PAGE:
Gaido’s Seaside Inn
Come for the food, stay for the night. Located astride the island’s most well-known restaurant, this classic-looking inn is a few minutes’ walk from Pleasure Pier and several other bars and eateries. A waterfall-fed swimming pool and a hot tub provide alternatives to the beach across the street. 3700 Seawall Blvd., 409-761-5504, gaidosseaside.com. Rooms start at $90 a night.
Of course, many families opt to rent condos or beach houses in Galveston—a barbecue pit, a deck, and an ocean view, and they’re all set. Rentals are spread across the island from downtown to the West End, where your yard can be, more or less, your own private beach.
The official Galveston tourism website (galveston.com/vacationrentalcompanies) is a great resource, providing a list of local companies that offer everything from luxury condos and surf shacks to Victorian estates and beachfront mansions. Other good resources include airbnb.com and vrbo.com.
Fun for Families: Pleasure Pier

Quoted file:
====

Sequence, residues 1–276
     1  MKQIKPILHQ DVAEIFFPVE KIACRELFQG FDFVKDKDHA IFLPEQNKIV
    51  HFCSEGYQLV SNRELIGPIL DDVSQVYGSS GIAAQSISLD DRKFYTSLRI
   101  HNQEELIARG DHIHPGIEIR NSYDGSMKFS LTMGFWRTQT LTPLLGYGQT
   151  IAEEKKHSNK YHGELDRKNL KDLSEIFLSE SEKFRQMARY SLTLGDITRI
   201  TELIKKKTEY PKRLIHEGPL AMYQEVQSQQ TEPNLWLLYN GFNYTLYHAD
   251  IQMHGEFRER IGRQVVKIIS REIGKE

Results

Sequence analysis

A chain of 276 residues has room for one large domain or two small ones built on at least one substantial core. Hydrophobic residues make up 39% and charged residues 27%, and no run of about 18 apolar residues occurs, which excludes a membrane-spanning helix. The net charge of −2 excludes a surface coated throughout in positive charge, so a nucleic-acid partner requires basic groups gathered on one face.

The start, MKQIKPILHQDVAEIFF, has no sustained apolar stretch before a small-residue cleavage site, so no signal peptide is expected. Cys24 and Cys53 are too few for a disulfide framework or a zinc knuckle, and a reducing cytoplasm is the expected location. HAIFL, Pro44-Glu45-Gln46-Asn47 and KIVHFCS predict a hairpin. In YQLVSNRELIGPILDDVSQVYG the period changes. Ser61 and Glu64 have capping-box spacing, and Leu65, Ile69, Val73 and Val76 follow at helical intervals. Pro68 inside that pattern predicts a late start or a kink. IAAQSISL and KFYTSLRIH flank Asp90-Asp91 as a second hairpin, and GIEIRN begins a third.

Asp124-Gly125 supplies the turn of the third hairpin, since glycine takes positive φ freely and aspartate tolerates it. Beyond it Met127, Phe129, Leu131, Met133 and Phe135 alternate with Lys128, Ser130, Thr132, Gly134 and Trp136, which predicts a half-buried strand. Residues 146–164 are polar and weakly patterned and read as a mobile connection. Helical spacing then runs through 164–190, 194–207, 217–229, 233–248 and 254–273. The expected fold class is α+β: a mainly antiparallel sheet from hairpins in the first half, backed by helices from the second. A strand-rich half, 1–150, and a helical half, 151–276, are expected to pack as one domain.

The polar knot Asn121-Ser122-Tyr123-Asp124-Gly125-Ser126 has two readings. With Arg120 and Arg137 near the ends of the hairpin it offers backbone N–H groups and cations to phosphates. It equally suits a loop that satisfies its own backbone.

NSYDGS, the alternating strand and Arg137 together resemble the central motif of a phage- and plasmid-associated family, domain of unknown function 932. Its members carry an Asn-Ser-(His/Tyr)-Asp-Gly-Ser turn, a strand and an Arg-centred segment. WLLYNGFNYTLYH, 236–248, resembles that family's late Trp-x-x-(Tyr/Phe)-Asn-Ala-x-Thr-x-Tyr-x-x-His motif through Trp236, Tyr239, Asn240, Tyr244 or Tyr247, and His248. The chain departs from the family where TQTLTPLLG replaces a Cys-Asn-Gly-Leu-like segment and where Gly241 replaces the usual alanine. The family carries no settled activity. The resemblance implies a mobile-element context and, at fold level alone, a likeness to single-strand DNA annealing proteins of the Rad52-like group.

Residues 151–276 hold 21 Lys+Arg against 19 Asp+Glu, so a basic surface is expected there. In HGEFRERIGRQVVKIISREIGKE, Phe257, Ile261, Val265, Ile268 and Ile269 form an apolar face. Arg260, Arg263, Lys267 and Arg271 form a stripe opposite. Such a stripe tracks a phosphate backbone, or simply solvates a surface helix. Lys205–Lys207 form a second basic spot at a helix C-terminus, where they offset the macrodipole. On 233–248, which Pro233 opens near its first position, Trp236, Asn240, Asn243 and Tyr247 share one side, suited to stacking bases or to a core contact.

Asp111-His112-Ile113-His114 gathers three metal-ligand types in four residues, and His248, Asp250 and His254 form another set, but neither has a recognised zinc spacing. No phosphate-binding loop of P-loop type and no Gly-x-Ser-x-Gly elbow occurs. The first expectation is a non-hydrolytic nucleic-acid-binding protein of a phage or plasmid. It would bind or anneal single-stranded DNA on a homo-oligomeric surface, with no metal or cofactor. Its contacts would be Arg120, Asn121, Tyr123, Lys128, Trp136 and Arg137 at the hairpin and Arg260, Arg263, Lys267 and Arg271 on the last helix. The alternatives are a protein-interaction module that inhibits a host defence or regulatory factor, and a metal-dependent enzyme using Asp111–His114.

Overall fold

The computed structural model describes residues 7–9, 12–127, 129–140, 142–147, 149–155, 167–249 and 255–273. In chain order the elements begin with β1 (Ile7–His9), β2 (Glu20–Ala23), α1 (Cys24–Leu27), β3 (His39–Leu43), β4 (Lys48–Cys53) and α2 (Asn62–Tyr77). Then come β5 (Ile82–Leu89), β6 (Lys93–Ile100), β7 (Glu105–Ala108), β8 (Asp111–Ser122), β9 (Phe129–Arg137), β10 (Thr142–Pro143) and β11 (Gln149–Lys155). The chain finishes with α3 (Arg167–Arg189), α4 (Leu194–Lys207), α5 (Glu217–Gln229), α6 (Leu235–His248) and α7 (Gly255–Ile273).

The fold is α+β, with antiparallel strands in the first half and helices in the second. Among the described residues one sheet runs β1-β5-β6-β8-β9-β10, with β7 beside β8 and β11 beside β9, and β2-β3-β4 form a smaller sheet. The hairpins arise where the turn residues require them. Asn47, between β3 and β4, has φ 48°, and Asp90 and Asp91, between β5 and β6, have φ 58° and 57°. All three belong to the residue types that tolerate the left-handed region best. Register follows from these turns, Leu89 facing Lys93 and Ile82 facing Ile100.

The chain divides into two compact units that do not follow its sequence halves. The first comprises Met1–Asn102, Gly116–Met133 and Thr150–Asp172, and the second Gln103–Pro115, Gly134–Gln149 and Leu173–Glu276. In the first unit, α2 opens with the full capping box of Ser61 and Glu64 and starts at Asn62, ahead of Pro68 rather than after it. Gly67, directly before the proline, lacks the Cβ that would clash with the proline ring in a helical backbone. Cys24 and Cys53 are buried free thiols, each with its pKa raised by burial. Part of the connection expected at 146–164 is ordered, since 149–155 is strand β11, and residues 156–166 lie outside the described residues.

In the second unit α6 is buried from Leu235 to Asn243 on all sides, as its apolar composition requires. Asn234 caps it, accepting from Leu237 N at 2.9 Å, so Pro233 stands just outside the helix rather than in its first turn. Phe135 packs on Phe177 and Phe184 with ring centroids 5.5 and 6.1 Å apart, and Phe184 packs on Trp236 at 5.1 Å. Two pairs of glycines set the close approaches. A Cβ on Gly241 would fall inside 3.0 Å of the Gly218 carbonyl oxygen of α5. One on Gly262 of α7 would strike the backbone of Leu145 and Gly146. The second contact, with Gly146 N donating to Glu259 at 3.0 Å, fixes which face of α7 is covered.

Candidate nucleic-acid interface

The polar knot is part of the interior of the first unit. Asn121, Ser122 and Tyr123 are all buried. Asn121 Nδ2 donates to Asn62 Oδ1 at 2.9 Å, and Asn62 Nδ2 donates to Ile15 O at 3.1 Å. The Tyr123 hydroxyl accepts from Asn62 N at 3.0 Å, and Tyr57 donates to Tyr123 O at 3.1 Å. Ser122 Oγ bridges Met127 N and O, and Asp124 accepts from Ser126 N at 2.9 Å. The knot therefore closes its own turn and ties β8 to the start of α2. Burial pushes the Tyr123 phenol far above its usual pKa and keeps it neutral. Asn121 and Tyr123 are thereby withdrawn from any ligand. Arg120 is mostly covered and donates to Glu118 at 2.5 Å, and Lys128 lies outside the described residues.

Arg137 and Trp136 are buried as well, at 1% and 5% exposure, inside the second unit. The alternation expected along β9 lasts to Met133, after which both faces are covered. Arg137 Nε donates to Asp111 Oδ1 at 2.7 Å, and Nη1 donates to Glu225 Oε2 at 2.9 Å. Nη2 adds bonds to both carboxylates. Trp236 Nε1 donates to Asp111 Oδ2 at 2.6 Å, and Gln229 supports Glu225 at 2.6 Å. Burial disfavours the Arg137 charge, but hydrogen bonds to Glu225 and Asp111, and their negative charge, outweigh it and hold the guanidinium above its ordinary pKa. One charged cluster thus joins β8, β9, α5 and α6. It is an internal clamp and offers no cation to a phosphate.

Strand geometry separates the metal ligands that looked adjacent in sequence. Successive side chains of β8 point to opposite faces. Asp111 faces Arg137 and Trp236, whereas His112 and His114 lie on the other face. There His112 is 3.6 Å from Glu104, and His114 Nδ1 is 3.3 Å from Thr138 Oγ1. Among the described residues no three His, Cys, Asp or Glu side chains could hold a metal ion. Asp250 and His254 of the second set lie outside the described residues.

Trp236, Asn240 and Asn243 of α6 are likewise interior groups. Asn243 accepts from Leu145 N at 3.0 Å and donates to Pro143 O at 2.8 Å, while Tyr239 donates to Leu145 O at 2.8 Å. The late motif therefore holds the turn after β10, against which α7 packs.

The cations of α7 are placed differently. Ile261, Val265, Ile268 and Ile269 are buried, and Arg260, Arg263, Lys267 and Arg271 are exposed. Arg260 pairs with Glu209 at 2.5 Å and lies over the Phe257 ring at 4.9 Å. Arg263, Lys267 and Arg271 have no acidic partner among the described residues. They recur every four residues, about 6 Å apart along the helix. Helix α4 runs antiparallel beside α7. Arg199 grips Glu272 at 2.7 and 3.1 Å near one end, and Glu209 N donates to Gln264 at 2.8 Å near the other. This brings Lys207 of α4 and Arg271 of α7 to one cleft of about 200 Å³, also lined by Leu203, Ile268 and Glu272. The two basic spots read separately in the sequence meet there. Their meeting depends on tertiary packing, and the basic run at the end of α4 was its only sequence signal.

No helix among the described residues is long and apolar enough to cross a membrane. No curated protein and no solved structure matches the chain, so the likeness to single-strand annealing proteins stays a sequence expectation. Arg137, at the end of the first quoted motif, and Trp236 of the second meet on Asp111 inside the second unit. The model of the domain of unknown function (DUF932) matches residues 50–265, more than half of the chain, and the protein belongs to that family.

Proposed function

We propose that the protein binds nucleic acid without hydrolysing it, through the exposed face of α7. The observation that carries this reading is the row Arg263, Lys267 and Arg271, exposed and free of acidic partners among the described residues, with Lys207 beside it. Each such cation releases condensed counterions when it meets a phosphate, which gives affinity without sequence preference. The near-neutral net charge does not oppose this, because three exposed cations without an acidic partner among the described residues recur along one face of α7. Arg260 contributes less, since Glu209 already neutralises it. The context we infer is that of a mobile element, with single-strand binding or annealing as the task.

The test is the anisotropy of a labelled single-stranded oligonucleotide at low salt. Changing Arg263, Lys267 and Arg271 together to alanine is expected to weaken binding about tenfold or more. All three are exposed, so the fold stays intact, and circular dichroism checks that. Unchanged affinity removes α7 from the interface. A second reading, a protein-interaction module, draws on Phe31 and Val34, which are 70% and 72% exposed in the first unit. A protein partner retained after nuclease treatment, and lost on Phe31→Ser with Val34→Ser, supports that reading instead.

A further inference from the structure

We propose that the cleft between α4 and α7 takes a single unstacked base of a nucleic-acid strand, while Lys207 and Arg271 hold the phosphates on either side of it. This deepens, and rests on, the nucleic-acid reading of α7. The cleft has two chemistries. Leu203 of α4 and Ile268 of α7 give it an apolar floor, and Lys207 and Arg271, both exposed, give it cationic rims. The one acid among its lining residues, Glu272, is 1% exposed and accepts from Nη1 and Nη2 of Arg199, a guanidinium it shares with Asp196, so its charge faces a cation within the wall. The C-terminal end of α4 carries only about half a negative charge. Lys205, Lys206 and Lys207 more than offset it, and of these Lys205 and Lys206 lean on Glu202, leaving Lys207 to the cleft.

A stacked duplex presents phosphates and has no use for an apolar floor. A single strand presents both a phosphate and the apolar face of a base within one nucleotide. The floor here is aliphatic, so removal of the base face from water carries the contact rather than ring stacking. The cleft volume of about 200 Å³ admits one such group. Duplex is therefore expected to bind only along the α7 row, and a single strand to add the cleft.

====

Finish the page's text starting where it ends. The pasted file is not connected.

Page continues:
Among the flashier structures to rise from Ike’s ashes was the $60 million Pleasure Pier, a 1,130-foot-long amusement park jutting out from the Seawall into the Gulf. This summer marks the amusement park’s fifth full season. The Pier features 16 different rides, including the second-tallest swing in Texas. Trust us on this: whirling through the sky as you take in the endless Gulf from 230 feet up is an experience both kids and adults won’t soon forget. The park features less hair-raising rides too—there’s something for everyone. Parking is limited, so plan ahead. 2501 Seawall Blvd., 409-766-4950, pleasurepier.com, $19.99 to $26.99 per person.
Where the Locals Go: O’Malley’s Stage Door Pub